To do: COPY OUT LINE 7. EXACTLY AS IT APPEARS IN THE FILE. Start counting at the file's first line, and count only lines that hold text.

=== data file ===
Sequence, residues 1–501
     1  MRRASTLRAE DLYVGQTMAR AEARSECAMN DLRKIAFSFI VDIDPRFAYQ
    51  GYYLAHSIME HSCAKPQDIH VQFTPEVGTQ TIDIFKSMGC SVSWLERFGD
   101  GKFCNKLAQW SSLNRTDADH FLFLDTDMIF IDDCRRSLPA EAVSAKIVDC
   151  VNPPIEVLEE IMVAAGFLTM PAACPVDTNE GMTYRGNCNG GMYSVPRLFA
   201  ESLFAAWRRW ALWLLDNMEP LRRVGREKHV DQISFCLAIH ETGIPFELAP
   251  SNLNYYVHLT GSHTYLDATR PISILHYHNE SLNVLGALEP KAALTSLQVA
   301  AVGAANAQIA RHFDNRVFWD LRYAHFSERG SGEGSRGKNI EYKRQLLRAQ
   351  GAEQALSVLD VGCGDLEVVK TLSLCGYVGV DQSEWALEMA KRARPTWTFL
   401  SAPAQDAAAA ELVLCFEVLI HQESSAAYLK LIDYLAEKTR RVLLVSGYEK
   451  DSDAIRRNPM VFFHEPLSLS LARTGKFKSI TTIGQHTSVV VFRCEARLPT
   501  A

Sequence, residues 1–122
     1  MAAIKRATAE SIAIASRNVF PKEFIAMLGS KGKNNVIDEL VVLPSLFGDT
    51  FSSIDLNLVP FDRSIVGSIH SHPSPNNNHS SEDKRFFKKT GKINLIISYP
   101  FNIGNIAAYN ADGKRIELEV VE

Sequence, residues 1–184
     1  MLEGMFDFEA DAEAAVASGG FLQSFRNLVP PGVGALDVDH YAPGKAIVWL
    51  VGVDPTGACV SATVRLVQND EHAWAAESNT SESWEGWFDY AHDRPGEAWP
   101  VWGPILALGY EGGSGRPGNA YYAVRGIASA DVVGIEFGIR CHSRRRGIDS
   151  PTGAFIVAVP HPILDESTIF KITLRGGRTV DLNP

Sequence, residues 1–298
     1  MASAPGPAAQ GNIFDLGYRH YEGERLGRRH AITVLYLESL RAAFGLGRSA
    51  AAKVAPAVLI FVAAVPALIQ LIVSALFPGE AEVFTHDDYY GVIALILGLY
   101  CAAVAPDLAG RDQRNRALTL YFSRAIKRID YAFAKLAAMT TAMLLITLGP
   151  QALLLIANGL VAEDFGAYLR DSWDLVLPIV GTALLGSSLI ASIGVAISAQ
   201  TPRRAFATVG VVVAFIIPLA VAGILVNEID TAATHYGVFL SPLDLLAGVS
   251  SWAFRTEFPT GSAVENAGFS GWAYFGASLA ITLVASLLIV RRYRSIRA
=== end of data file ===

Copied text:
   251  SNLNYYVHLT GSHTYLDATR PISILHYHNE SLNVLGALEP KAALTSLQVA